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Kaufreue and buyer’s remorse – they mean the same thing, but people are coping differently with this seemingly universal affliction on either side of the Atlantic. It was just a year and a half ago that numerous private equity firms and other bidders were jostling to take Chrysler off its former German parent’s hands. Daimler undoubtedly regrets its nine-year dalliance with the US auto sector, having sunk $36bn into the deal in 1998 with nothing to show for it. The $7.4bn sale to Cerberus of an 80.1 per cent stake was more like paying them to tow the old clunker away when all was said and done. It has marked the remaining holding down to zero and still retains some liability for the pension plan in the likely event of a Chrysler bankruptcy.
Of course Cerberus has plenty to regret itself as it could not have timed the purchase of a US automaker more horribly. But the concept of Vertragstreue – being true to the letter of a sale agreement – seems to translate poorly, especially for US private equity firms that have excelled at exiting agreed takeovers recently. It is too late for Cerberus to do that, but it is seeking the remaining stake in Chrysler in order to make it easier to restructure or perhaps sell to General Motors and is playing hardball, making what an unamused Daimler calls “exaggerated demands”. Well after it completed due diligence and trumpeted the deal, Cerberus alleged impairment of Chrysler’s value by Daimler before the sale closed, possibly in an attempt to lay the groundwork for litigation.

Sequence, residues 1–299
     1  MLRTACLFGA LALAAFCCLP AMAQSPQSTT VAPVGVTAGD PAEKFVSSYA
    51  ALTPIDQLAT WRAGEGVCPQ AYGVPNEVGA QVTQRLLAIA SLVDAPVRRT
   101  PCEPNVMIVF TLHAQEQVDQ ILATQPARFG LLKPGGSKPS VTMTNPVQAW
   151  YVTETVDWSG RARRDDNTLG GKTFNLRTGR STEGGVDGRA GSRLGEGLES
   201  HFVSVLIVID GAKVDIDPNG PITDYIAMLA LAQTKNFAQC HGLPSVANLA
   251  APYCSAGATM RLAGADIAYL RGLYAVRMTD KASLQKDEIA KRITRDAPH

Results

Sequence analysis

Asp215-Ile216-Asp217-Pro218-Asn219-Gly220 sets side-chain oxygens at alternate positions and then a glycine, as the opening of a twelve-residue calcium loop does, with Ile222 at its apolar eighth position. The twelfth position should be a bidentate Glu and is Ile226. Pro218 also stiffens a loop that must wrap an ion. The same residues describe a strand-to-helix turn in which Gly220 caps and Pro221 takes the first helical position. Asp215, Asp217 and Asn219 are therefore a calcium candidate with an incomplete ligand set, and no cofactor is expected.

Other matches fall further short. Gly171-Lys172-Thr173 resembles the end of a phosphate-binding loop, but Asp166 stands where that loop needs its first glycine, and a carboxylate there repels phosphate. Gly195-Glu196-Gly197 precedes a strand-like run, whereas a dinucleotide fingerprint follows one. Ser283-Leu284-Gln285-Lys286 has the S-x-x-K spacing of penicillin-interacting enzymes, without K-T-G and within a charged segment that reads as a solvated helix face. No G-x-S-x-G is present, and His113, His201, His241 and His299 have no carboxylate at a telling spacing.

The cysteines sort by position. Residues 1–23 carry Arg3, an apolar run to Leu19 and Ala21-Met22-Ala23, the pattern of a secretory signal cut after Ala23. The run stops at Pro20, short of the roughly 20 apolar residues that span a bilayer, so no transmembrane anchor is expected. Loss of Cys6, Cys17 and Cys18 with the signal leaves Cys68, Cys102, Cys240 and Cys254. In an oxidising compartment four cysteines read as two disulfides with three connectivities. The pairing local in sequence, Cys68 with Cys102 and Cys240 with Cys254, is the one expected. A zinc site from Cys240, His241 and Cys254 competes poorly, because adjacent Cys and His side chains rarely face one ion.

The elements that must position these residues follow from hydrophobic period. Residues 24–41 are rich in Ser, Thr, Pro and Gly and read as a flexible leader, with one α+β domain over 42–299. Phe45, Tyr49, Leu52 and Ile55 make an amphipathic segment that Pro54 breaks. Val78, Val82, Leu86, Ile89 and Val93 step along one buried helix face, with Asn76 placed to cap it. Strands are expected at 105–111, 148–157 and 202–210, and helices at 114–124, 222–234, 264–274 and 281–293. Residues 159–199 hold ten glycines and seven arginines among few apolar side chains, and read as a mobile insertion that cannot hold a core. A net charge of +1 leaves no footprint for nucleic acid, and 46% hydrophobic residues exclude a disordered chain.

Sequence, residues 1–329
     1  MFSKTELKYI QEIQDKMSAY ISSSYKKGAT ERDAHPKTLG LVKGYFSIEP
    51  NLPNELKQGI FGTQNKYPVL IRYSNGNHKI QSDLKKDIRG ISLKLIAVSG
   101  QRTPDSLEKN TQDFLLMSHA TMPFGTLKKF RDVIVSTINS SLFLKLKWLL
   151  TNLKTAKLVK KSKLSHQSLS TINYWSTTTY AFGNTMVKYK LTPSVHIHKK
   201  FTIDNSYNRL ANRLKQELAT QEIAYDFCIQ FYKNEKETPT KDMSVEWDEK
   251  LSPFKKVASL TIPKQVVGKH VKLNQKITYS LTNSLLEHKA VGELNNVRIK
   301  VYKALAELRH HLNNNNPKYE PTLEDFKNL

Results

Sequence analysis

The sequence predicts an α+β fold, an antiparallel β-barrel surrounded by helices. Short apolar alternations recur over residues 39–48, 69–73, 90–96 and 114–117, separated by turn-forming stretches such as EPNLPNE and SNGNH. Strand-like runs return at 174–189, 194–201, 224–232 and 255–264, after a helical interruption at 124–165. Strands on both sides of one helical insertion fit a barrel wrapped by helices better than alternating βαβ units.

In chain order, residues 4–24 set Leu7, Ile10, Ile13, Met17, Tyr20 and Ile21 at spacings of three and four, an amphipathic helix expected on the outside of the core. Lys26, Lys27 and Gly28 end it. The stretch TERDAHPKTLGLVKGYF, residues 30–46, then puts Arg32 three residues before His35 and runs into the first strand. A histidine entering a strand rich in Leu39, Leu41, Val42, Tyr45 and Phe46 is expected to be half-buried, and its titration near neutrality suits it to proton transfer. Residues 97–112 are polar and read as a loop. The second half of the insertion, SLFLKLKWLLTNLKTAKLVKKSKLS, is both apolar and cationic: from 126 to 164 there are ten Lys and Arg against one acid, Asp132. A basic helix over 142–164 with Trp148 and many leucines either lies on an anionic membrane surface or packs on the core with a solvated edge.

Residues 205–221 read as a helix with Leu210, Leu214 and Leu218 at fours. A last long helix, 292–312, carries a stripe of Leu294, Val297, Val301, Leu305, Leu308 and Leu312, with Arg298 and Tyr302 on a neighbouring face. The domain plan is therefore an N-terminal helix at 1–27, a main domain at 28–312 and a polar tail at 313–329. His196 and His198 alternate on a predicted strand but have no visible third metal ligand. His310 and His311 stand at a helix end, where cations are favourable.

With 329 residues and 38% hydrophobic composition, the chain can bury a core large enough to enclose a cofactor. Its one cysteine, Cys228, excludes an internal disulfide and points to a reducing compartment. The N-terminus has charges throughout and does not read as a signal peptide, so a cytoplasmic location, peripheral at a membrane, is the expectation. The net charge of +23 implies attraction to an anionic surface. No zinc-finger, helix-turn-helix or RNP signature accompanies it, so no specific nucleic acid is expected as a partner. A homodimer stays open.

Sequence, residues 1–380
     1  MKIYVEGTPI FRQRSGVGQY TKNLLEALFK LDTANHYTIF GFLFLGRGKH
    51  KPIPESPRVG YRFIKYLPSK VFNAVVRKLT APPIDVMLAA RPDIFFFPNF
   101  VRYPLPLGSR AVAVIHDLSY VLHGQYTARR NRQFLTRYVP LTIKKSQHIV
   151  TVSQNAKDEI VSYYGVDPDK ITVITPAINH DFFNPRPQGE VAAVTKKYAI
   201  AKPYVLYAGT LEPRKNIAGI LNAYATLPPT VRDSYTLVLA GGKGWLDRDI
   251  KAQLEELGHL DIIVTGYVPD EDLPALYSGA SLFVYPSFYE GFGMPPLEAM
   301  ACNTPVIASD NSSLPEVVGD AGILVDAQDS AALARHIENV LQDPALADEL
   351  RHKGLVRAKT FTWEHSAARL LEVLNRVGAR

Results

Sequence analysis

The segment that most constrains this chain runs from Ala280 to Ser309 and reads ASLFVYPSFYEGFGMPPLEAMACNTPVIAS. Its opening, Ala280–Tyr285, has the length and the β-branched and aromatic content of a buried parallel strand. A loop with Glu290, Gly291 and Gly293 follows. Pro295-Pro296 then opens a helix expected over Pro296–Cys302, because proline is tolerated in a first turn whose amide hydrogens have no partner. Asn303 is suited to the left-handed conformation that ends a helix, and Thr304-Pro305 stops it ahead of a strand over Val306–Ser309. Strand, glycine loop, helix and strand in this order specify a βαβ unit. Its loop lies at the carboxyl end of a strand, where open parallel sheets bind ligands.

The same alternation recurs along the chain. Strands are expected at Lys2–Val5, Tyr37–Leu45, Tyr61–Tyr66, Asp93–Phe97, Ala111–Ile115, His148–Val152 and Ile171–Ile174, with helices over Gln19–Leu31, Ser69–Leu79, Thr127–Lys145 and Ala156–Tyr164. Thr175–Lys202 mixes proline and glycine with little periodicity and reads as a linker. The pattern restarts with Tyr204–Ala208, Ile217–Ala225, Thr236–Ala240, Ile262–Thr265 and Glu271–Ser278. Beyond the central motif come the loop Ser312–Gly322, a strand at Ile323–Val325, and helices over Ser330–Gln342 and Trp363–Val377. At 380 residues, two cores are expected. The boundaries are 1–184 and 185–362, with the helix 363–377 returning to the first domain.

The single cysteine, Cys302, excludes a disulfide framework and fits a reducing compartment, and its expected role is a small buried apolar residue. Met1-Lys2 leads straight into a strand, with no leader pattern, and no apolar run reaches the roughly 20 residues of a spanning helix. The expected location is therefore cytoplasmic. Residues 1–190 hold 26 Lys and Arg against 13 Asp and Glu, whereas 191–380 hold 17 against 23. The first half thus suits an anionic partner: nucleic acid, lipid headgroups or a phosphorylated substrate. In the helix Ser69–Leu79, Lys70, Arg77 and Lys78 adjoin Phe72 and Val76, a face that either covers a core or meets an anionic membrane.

But what more can they ask of Daimler, which would gladly unload its stake for pennies? Possibly a cash sweetener to make any legal problems go away or an extended commitment to international service centres that Chrysler was supposed to have taken over by now. There is no German word for that, but there is a Yiddish one – chutzpah.
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